We are nearly at the end of what has been quite a strange term. The term was short enough already, with plenty to pack in, without the flu epidemic in the first half and the Beast from the East, together with Storm Emma, after the mid-term break. That caused great disruption and broke the continuity of teaching and exams, but at least we managed to keep going, albeit in a limited way. I am very grateful to house staff and their tutor teams for managing to keep their charges happy, as well as fed and watered, in part due to the heroic catering staff who trudged through the drifts when they could easily have stayed at home, because they were concerned about the welfare of the pupils. One of the maintenance team even came into work on his own tractor to help clear paths. On the Friday evening I went round all the houses to see how everyone was getting on and to make sure that everyone had enough to eat. Everyone seemed very happy and they had all fed well, even if there was a large emphasis on pasta. No one went hungry and I think most appreciated the efforts of the staff to look after them. A lot of the house staff also had their own children running around at home unable to get to school, to add to their stress.

I guess it would have been easy to moan and we all have a tendency to that at times. It made me think about the importance of being grateful for what we have as individuals and also as a community. If anyone doesn’t agree with me just turn on the news and see the suffering and the injustice out there. We are very blessed here.

There is a story in the gospels where Jesus meets ten lepers, outcasts from their community. They would not just be disfigured but they had to ring a bell wherever they went so that people could avoid them and they had to live in colonies outside of towns, so the disease destroyed every aspect of their humanity. These ten men came to Jesus begging for him to heal them. He sends them off to the high priest and as they go they all realise that they are healed. However, while nine of them rush off home, only one of them bothers to turn round and return to Jesus to thank him for having mercy on him. What is more it turns out that that one is a foreigner. The locals obviously didn’t think that they owed any anything to Jesus at all or even if they did they did not think to thank him. It is almost as if Jesus is saying that physical healing is one thing but unless your heart is also changed that healing is incomplete. Being grateful makes us better people and that is where the real healing happens.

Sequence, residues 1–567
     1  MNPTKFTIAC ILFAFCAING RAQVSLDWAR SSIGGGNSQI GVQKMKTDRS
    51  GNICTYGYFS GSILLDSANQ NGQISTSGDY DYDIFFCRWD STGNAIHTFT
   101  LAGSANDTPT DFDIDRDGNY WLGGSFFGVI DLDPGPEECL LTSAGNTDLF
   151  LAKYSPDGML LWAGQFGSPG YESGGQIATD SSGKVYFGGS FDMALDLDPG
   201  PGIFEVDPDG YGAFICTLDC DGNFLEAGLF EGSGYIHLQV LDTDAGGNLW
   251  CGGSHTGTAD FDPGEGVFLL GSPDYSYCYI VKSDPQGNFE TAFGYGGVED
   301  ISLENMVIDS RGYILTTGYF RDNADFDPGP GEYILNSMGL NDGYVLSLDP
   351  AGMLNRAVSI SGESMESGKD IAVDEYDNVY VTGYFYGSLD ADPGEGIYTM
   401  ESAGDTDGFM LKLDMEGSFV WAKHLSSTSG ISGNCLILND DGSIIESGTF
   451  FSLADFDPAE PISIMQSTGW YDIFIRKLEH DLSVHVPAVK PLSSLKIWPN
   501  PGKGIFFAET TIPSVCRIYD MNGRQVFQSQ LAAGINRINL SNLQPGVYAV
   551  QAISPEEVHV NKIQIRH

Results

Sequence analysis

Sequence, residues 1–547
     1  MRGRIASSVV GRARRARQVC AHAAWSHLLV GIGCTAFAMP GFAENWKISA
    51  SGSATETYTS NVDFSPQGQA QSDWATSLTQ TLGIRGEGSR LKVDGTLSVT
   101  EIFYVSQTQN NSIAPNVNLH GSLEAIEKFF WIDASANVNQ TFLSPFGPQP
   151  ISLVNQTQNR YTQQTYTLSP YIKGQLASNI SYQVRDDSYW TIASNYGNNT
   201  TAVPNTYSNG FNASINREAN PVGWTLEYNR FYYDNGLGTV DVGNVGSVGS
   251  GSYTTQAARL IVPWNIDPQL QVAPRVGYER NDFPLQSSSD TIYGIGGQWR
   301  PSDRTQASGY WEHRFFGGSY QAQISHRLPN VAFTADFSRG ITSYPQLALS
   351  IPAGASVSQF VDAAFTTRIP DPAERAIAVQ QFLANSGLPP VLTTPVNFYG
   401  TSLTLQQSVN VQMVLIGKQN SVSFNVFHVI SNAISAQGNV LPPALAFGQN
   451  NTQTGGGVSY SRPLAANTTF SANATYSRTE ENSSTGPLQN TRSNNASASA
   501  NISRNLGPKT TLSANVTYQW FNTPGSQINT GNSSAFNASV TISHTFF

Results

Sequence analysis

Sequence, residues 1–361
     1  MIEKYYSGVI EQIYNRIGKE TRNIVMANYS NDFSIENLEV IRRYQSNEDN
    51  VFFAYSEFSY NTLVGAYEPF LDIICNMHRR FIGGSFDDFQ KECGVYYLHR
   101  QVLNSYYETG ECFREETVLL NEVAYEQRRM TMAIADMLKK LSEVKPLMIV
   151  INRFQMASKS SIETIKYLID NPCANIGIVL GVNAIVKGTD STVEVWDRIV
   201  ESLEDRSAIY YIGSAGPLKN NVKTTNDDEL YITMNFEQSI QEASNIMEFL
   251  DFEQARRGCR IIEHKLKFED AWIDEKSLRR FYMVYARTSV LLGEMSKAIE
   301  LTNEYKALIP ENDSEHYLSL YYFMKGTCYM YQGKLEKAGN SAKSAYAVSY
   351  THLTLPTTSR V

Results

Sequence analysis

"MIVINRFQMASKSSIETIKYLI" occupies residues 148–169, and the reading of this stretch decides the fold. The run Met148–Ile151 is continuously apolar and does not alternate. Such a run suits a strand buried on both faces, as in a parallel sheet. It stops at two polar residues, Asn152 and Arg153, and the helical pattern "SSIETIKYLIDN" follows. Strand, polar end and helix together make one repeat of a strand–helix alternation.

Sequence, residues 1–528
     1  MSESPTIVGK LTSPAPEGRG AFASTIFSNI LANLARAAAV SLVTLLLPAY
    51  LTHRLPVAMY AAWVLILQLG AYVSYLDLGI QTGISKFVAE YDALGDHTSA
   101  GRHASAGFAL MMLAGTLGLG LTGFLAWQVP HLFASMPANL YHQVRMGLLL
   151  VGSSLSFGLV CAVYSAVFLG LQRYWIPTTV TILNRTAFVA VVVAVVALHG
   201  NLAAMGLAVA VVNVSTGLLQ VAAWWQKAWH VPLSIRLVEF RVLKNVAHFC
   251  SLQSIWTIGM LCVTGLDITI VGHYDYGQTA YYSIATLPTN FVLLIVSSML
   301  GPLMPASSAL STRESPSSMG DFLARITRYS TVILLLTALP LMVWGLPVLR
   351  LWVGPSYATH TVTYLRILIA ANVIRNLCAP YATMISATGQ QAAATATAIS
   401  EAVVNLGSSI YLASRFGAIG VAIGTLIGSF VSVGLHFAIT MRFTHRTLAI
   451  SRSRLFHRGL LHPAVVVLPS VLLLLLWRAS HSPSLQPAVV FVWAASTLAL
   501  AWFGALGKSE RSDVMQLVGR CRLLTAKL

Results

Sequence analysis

My parents always made me write thank you letters after Christmas and, although I cursed them for it at the time, it was a vital lesson for me to learn. I think it is very important that our Columbans learn to be grateful for what they have and also to express it. We all know how it makes us feel when we are thanked, because it makes us aware that we are not being taken for granted. So I want to make a point of reminding the pupils to thank their teachers, the office staff, the catering staff, the cleaners, the nurses, the bus drivers, even the staff at Lidl’s. It does something to people when they are thanked and it does something to us too when we thank others.